In my last blog, I identified one of the unintended outcomes of using alcohol as an economic driver: it makes living an alcohol-free life more challenging, even when dining.
Craft beers, flavored beers, wines, and hard ciders are being used in foods ranging from bar-b-que to butter, and soups to soufflés. Most people are not aware that a significant amount of ethanol remains during most cooking methods. Just ask your server the next time you sit down to dine. Better yet, ask the chef. The myth that all the alcohol burns off is fairly pervasive. The following chart is from the U.S. Department of Agriculture. It shows how much alcohol is retained in various cooking methods.
From a policy and community standpoint, I’d like to offer a few thoughts for discussion and consideration. They are not concrete thoughts, by any measure. They are simply ideas that could be developed further in order to push back against the pervasiveness of alcohol in our culture.
Alcohol is a carcinogen. It is a Group 1 carcinogen (World Health Organization – IARC), meaning that it has been identified as a cause of cancer in humans. I did a little digging to find out how many items there are in the Group 1 carcinogen list that humans eat on purpose. There are five. Three are fairly regionalized in usage (Chinese style salted fish, plants containing aristolochic acid used in Chinese medicinals, and Areca (Betel) nut chewed South East Asian cultures). The fourth is processed meats, which is a new entry to the list. And then, we find alcohol. I wonder how many people know that there are only five Group 1 Carcinogens that humans eat on purpose? Furthermore, I wonder how many people know that an increasing number of recipes call for the use of a known carcinogen (alcohol) in their food?
When I’m the prude at the table requesting that my meal be prepared without alcohol, I know that I’m avoiding a carcinogen. I am familiar with the recent research showing the shocking number of alcohol attributable cancer deaths in my country (20,000 per year). I doubt that folks at the tables around me are aware that the wine in their meat sauce, the beer in the batter of their onion rings, the champagne in their butter, and the rum in their dessert provides them with multiple exposures to an added group 1 carcinogen.
So, here is my musing on potential policy directions.
How would it look if advocates from public health, cancer organizations, food safety, healthcare, addiction services, mental health services and others came together to demand accountability for group 1 carcinogens added to foods? If a regulation exists that says we must know the calorie, fat, sugar and sodium content of labeled foods, shouldn’t we also know the group 1 carcinogen content? If restaurants are required to warn patrons of potential food allergies and dangerously hot coffee to avoid law suits, how much more sense would it make to warn patrons about which foods contain a group 1 carcinogen?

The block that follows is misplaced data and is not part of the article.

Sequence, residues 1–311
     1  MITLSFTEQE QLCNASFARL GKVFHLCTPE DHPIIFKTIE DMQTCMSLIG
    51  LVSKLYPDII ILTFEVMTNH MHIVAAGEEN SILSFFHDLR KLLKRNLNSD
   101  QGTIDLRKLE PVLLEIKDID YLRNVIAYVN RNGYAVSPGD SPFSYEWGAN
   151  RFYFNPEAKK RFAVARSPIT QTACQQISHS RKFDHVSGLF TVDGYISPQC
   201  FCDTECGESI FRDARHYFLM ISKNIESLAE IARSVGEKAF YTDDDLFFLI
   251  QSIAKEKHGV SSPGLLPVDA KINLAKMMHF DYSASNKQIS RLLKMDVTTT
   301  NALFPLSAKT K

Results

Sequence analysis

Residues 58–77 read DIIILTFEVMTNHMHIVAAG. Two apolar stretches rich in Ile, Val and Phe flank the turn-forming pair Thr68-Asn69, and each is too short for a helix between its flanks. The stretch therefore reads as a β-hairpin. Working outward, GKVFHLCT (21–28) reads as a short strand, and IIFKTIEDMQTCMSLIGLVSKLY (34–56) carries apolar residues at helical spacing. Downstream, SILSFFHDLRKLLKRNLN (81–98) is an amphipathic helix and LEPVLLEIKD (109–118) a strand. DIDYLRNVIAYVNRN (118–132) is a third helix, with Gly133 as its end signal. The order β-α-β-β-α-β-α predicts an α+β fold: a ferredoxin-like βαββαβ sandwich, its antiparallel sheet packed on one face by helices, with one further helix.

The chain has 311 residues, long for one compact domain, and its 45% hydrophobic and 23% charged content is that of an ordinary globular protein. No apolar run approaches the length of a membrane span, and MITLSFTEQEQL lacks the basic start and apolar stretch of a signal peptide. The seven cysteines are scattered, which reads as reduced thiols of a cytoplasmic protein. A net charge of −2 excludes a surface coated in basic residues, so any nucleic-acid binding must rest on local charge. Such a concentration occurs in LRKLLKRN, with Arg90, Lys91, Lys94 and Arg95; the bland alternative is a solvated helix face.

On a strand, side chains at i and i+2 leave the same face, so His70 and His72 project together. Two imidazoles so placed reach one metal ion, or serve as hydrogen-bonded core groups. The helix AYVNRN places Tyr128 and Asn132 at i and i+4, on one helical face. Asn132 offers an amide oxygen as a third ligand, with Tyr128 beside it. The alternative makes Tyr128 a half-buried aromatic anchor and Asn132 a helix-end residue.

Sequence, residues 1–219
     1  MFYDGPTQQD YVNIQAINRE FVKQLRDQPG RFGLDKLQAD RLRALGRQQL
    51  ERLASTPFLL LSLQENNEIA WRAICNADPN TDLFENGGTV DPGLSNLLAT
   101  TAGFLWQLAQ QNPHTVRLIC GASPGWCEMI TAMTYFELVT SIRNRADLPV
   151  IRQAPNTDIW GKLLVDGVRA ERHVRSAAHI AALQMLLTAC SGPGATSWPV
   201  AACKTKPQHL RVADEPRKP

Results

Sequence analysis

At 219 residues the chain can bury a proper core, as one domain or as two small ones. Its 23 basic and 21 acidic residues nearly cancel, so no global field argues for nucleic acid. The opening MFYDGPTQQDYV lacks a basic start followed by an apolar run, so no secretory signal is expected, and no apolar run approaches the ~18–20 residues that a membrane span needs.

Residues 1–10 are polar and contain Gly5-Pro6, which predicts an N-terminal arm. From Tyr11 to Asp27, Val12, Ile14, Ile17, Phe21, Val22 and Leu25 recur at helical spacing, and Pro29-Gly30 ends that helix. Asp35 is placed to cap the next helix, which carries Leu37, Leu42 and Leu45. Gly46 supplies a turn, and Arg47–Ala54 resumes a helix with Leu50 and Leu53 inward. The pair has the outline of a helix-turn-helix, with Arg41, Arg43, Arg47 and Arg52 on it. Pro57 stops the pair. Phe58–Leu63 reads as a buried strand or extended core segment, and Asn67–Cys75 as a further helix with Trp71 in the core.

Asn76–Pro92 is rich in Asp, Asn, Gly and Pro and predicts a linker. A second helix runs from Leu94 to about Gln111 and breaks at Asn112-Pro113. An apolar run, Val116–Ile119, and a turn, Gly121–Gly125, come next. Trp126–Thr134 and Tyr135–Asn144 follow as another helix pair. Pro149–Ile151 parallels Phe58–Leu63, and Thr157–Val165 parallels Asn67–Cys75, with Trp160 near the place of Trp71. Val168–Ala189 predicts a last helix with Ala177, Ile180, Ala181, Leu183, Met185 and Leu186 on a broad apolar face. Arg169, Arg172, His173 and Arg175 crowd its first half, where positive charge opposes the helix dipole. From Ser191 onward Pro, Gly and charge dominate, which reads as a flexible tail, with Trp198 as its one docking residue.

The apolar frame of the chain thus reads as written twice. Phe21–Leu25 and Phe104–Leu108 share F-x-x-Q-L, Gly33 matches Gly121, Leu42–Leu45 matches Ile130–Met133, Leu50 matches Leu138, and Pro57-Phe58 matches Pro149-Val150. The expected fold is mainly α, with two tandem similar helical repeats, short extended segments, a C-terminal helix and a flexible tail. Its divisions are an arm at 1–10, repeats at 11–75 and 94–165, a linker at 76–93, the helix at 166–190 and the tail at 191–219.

What would it look like if recovery groups (and other who wish to live an alcohol free life) began a media campaign edifying restaurants with the highest percentage of group 1 carcinogen-free food. Do you think that would make a ripple in the food universe? They wouldn’t be calling establishments out for using too much alcohol, they’d simply be cheering the restaurants that choose to leave that particular ingredient aside.
Of course, slowing down the juggernaut of the alcohol industry and its strangle hold on governments who only see a tax dollar to be gained by additional sales would not be an easy task.
However, the word “cancer” means something to the public at large. It has a different feel than the typical words we use when addressing the expansion of alcohol availability; binge alcohol use, driving under the influence, overdose, cirrhosis, etc. It’s easy to pass those off if they are fairly out of the circle of your experience. We all eat food. And if we eat food with alcohol, we’re being exposed to unnecessary risk. Even if policies or laws can’t be created to address it, we can at least find ways to provide education to dining public. It’s worth it to help lower risk and improve public health.